It’s the rich wot get the visa, it’s the poor wot get the blame…

What price citizenship? Last Thursday,Damien Green put a figure on it: £31,000 per year for five years. This salary floor should – apparently – ensure that only the ‘brightest and the best’ are able are able to settle in the UK ‘breaking the link between temporary and permanent migration’. Never mind that the current points-based migration system already means that it is virtually impossible for low-skilled workers to enter the UK legally (as the UKBA website tells us ‘This tier is suspended indefinitely’). Nor that the median UK salary last year hovered just under the £27,000 mark, meaning most existing UK citizens wouldn’t actually meet this criteria, were they asked to apply for the privilege of UK residency).
Designing policies in ‘relentless pursuit’ of an arbitrary number – in this case, that promise to reduce net migration to ‘tens of thousands’ – hardly leaves much room for justice, given that rational economic self-interest hasn’t persuaded the government to stop pushing for further migration restrictions. But as I’ve written elsewhere, protecting our ‘national interest’ by squeezing migrants does help to make us believe British identity is more than a convenient fiction. It obscures the extent to which everyone’s citizenship is being hollowed out — not by the pernicious demands of itinerant migrants, but the creeping privatisation of the state.
The joke, of course, is that there’s always been an economic market for citizenship, even as nation-states queue up to talk about values and history and belonging. A few states call a spade a spade, and sell you economic citizenship, residency not required. A St Kitts and Nevis passport will cost you around $400,000 in legal fees and investment cash. Dominica offers a $100,000 “family option”. And you have to pay once the application is approved. Thaksin Shinawatra – the former Thai Prime Minister – is a proud economic citizen of Montenegro (the programme has since been suspended due to concerns that Montenegro’s policy of not extraditing its citizens might prove a particular attraction to the wealthy crook.  And there’s also that small matter of 60,000 (poor) stateless residents, including Kosovan Roma, who don’t qualify for citizenship).
It’s not just small states. In the US, $500,000 investment in a rural or high unemployment area will get you an EB-5 visa, and after 5 years the chance to swap your green card for a US passport. As the visa sites make clear ‘EB-5 investors are not required to work; therefore, some investors choose to travel throughout the United States without restriction, or they maintain dual residences in America and their native home’. In the UK, investment over a million can buy you permanent residency and new rules mean that you only have to stay here 185 days a year. Oh, and no English language test.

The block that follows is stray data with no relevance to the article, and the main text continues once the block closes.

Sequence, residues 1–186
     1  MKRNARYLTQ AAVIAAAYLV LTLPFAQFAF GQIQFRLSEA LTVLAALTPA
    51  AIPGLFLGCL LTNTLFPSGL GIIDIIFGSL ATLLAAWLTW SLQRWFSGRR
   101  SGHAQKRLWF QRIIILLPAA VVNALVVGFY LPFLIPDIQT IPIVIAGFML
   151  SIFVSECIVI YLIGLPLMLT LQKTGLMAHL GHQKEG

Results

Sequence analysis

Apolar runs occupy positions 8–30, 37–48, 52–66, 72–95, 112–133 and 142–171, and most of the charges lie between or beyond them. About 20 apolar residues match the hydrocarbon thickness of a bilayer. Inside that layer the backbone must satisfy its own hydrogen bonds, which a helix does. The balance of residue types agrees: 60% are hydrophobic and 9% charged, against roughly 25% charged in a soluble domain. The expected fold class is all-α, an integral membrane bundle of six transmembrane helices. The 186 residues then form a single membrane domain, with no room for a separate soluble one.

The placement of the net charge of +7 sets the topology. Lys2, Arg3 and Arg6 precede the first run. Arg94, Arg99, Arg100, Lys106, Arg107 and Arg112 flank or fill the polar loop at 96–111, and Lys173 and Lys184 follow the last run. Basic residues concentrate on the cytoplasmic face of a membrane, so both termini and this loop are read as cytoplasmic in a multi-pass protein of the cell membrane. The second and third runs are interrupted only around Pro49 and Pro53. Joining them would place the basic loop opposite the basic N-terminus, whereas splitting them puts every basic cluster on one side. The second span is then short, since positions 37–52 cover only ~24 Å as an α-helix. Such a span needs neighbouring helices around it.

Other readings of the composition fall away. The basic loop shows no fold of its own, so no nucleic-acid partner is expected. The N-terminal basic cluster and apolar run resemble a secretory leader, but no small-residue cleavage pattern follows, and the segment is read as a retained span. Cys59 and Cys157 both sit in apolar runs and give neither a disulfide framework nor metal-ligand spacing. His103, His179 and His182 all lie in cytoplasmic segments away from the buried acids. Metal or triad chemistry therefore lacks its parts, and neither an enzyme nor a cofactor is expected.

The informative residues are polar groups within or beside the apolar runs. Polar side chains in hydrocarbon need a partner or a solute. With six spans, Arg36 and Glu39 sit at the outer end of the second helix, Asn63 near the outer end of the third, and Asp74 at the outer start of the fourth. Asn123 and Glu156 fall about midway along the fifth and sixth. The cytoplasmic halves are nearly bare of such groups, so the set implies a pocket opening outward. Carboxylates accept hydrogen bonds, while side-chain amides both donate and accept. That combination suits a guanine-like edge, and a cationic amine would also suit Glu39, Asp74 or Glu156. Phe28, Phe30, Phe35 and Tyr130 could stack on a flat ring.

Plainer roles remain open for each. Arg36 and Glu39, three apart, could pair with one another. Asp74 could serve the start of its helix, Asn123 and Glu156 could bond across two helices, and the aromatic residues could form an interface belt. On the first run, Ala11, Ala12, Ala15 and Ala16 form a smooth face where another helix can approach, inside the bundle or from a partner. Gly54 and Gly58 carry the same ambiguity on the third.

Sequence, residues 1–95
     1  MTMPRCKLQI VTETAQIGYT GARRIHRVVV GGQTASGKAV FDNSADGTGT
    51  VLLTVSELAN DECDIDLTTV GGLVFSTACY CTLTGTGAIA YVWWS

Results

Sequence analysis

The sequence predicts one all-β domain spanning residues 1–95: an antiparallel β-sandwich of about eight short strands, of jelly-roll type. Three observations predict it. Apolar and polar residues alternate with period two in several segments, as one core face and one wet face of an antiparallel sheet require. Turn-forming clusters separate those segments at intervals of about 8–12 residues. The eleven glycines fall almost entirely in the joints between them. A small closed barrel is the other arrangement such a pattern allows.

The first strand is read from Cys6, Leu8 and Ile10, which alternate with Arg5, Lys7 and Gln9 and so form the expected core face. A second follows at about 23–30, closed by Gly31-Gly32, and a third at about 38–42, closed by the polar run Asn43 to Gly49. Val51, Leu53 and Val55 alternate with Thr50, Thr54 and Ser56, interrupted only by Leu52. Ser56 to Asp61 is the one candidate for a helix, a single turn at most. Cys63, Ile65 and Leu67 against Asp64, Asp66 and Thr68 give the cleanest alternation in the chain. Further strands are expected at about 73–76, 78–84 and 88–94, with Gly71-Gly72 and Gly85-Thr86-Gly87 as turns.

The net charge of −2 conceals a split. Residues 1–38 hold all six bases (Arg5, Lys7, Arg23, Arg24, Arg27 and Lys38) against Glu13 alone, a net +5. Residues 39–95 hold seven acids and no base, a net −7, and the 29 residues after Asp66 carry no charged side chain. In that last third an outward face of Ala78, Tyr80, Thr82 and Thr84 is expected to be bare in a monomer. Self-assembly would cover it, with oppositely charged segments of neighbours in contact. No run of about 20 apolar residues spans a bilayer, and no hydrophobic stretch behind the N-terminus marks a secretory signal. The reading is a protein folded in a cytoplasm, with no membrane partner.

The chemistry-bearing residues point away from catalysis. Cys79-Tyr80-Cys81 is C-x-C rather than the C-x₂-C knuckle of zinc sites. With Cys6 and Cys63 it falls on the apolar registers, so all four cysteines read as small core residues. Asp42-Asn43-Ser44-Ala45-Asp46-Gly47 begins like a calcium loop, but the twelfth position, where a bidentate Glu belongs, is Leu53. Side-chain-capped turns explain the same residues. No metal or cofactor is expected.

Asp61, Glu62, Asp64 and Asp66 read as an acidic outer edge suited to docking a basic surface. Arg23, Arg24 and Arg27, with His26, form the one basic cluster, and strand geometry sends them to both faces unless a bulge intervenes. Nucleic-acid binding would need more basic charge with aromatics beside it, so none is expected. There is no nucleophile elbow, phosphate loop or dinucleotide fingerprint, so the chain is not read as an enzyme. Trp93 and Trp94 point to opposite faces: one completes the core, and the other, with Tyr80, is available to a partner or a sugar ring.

In other words, being rich allows you to turn citizenship into a monetary transaction. A financial contribution takes the place of participation in a shared community. Green’s new plans simply extends this logic, making citizenship and mobility the privilege of the rich while further ensuring the poor cannot join UK Plc.
But where does that leave the poor and the persecuted? Those for whom mobility isn’t a choice but a necessity? As Oxford research Nick Van Hear has made clear, there’s a (black)market at the bottom end of the migration business too. Profits rise for smugglers as legal pathways are blocked. As long as the costs associated with legal movements remain prohibitively high – from a $150 passport to move from Zimbabwe to South Africa to $500,000 for that investment visa – clandestine movements and purchased passports are rational choices. A good black-market US passport costs only $5000-10,000.
This isn’t a substitute for “real” citizenship: it’s precarious and risky. It comes with a terrible human cost: bodies along the Mediterranean coastline. It excludes many of these individuals from being able to integrate or contribute to the societies they have arrived in. But part of the myopia at the heart of government migration policy is the persistent notion that it’s easy to distinguish a “genuine refugee” from an “voluntary migrant”. Another part is the continued insistence that we can stop people – and above all poor people – moving. We can stop them moving legally, and we can shape their journeys, diverting flows and shifting the migration “burden”. But yet they keep moving. Inequality and crisis are powerful drivers.
And now, restricting legal migration isn’t even enough. The aim appears to be to stop all but middle-class professionals and wealthy businessmen from having the right to belong: even when they’ve lived and worked here legally for half a decade. An important reminder that however many times we may be assured that migration management is about protecting Britain’s national identity, migration and citizenship are ultimately all about money.